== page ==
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Subject: How???
kane    3/19/2007 4:54:55 PM
How did Korea manage to come to this point in 50 years? They must have worked hard since they don't have very rich resources
 
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YelliChink       3/19/2007 5:05:52 PM
Yes, they work very hard.
 
In East Asia, there isn't much religious things to hold people back, and there is always a belief that the higher the education the better. The motivation to get out of poverty and get rich is always strong.
 
However, there is dark side of all the factors that contribute to South Korea's success.
 
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Photon       5/23/2007 11:54:15 PM

How did Korea manage to come to this point in 50 years?
They must have worked hard since they don't have very rich resources
I think it was a combination of luck and hard-work.

1.  Just as you have pointed out, the Koreans did not have much resources to speak of.  (Probably the only thing they had anything in large enough amount was coal.)  The South was in a worse situation than the North in 1945; the majority of industries (built during the Japanese occupation) and mines were located in the latter.

2.  The leftovers from the Korean War helped to jumpstart infant South Korean companies.  (Several of them will become today's Korean megacorporations in a few decades.)  Everything from surplus jeeps to army rations were pretty valuable and it was not uncommon to find them in black market.  (Not uncommon to encounter corruption coming out of folks working in US military bases. )  Even spent items like run-down jeeps and trucks were economically useful; there were entrepreneurs who had them refurbished and used them to run taxi companies, for example.

3.  It was not until Park Chung-Hee regime (He and his buddies launched a successful coup d'état in 16 May 1961.  One year after the fall of Sygman Rhee regime.) when the South Koreans began to put together significant economic plans.  It was not pretty, though.  He did things like devaluing the South Korean currency, normalizing relations with Japan (without requiring Japan to apologize for past aggression; his primary motive was to make a settlement with the Japanese one way or the other to get a large bundle of money to get things started).

4.  Probably the period between the late '60s and the early '80s were the most decisive.  The South Koreans sent troops to assist the Americans (I think somewhere arould 50,000 South Korean men served in Vietnam with about 5,000 killed).  In exchange, more US aid flowed into South Korea.  There was a saying back then ... 'The Seoul-Pusan Highway -- it was built by the blood of boys sent to Vietnam.'  Around the same time, thousands of Korean men and women went to Germany -- men mostly as miners, women mostly as nurses.  The key point in these two activities was in earning foreign exchange, something that a developing economy must accumulate.  Between the late '70s and the early '80s, there was a construction boom in the Gulf States, and the Koreans went there in the thousands.  Again, yet additional way of accumulating foreign exchange.  The foundation of Korean heavy industries (including petroleum and shipbuilding) began in that period.  Light industries (including textiles) also began as well.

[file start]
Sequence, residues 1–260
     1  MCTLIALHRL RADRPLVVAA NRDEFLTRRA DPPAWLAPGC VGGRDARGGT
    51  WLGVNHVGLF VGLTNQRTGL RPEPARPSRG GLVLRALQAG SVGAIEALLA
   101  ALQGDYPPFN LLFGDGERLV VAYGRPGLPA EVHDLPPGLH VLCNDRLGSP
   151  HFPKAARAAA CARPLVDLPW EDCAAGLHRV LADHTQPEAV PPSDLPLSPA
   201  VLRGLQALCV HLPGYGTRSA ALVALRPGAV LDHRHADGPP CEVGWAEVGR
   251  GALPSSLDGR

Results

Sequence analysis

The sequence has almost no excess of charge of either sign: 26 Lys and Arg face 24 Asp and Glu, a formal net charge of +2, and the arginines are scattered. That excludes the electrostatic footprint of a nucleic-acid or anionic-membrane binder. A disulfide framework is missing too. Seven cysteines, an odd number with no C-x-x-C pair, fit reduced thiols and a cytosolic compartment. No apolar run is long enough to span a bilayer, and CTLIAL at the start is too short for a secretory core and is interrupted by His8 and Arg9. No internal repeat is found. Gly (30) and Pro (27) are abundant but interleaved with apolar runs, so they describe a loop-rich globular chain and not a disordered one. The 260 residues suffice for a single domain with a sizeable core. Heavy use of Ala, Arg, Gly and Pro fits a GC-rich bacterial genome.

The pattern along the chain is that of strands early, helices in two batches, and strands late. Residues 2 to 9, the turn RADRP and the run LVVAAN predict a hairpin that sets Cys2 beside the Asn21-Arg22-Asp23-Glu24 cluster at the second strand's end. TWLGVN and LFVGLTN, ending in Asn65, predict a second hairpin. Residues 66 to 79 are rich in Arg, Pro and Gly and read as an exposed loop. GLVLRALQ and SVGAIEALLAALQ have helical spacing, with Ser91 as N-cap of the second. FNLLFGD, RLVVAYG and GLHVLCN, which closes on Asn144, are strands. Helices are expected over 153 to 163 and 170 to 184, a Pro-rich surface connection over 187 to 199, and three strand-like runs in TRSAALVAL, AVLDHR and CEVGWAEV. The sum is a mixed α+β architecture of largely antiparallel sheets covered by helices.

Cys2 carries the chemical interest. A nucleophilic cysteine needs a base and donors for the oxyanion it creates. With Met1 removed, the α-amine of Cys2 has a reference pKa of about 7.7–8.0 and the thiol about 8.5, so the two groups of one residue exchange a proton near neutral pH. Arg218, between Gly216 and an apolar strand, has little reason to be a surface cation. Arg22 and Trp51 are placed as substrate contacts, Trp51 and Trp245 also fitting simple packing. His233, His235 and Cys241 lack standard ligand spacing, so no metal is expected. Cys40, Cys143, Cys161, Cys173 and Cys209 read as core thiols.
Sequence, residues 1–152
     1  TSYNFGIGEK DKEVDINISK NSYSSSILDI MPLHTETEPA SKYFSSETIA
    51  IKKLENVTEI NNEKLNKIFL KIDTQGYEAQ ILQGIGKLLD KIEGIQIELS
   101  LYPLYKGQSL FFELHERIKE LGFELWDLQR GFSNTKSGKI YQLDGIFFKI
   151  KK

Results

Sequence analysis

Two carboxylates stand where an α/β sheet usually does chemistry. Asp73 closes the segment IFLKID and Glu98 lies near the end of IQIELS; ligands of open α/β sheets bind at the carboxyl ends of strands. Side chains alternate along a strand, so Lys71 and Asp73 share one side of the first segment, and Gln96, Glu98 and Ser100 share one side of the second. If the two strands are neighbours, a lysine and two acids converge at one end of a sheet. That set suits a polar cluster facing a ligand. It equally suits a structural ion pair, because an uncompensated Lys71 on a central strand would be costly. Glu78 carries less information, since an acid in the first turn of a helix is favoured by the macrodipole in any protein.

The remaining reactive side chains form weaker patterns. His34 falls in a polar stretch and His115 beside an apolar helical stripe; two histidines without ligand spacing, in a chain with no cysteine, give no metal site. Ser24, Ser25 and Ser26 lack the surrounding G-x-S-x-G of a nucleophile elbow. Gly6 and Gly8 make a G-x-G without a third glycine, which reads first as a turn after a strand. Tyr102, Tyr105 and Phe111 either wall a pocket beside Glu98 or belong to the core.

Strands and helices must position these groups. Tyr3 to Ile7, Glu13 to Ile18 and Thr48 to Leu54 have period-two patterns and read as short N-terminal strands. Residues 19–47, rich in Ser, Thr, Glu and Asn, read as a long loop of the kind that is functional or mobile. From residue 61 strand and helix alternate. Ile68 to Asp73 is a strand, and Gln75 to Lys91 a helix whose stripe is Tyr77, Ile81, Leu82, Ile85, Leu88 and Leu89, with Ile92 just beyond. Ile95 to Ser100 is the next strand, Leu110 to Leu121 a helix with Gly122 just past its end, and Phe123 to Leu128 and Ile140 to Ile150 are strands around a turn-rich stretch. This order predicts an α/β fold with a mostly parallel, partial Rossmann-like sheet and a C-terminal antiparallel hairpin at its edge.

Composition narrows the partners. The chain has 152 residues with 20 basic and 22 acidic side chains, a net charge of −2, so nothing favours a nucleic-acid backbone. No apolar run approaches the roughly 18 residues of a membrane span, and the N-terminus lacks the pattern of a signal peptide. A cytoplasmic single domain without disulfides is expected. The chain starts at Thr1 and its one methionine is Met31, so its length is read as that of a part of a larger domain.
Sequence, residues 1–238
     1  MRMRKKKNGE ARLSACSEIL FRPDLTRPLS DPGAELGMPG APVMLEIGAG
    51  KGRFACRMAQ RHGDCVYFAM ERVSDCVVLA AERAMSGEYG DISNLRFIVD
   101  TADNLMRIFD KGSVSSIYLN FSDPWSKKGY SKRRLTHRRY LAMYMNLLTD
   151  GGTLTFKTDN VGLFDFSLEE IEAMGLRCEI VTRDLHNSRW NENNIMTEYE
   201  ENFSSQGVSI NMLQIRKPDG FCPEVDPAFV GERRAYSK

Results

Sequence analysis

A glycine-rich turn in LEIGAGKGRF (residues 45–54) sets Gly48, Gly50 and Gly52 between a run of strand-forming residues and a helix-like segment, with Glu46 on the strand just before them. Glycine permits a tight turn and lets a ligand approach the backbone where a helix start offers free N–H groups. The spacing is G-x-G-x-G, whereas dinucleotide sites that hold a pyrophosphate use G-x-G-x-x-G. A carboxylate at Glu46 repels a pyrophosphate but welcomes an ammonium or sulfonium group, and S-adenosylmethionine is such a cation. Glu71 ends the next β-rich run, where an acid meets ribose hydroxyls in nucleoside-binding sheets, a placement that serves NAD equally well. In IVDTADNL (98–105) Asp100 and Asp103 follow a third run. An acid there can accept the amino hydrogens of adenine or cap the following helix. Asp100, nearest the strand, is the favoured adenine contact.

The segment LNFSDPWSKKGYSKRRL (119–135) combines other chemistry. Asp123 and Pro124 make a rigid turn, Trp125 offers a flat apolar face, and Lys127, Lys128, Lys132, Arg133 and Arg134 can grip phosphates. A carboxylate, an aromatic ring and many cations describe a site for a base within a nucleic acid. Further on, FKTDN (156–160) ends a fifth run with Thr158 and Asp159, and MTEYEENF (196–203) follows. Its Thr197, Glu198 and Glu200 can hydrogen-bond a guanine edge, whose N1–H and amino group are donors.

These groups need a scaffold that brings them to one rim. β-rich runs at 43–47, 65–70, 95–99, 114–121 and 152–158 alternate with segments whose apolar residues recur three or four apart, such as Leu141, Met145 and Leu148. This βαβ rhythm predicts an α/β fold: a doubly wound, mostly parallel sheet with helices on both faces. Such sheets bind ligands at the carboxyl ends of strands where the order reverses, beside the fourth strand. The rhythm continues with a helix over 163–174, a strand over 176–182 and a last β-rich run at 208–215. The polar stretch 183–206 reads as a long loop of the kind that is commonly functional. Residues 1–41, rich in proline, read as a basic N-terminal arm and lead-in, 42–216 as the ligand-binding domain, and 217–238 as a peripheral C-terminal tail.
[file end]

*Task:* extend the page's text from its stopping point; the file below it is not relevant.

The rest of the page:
5.  Notice how South Korea carried out their economic growth modeled after Japan.  Booming American market was a boon for the Korean export businesses.  Just like the Japanese, the South Koreans developed their heavy industries, then light industries, then electronics and high-tech industries.

6.  Korean agriculture:  It started out funny.  Sygman Rhee regime (1948 - 1960), although it was 'right-wing', had a cabinet member who was a communist!  He recommended that the land holdings of the gentry be broken up and distributed to farmers.  His recommendation was followed and by the dawn of the Korean war, this land reform was sorted out.  For the invading North Koreans, they found surprisingly little support from the South Korean countryside; the farmers in the South turned out to have gotten a better deal, plus it was already carried out.    (Off-topic:  Rhee's former communist cabinet member was put through a trumped up charge of treason and hanged in 1958.  He recommended that the South and the North establish diplomatic ties ... something quite taboo.)  But the South Korean countryside stagnated by the combination of capitalism (there will be farmers who will sell their lands, thus the emergence of new larger landholders) and flood of foreign crops (mostly from the US).  South Korea's farms alone could not sustain their population -- the land was just darn too small, and even if not, how the hell could they compete with much huge American imports?

7.  Issues that are still headache-some:  Poor labor-employer relationship, as well as poor farm-government.  Disproportionate power to the megacorporations and diminishing small companies.  Poor treatment of foreign migrant workers.  Lack of transparancy, inadequate law-enforcement (particularly in enforcing regulations over issues like taxation). 
 
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dba    350,000 South Korea troops rotated through Vietnam   4/7/2008 4:08:02 PM
Almost 350,000 South Korean army/marines rotated through Vietnam.  South Korea maintained 3 combat divisions (2 x Army and 1 x marine) in Vietnam, hence the number 50,000.  


 
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